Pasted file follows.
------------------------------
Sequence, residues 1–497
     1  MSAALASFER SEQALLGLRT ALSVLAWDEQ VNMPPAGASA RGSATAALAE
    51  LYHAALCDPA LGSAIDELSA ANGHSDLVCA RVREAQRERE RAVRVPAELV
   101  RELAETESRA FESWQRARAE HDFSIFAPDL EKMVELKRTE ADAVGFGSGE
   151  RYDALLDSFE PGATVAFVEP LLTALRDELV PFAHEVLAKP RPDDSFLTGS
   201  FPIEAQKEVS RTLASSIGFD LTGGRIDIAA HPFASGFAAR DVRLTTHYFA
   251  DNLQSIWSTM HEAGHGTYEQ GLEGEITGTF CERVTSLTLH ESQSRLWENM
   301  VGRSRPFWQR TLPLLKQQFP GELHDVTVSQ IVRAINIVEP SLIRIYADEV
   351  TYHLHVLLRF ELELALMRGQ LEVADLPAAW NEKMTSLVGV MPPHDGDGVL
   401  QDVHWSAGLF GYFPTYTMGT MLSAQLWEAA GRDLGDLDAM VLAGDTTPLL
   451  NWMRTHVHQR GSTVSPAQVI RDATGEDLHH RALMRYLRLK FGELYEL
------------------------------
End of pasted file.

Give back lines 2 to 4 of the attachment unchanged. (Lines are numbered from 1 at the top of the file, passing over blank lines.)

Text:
     1  MSAALASFER SEQALLGLRT ALSVLAWDEQ VNMPPAGASA RGSATAALAE
    51  LYHAALCDPA LGSAIDELSA ANGHSDLVCA RVREAQRERE RAVRVPAELV
   101  RELAETESRA FESWQRARAE HDFSIFAPDL EKMVELKRTE ADAVGFGSGE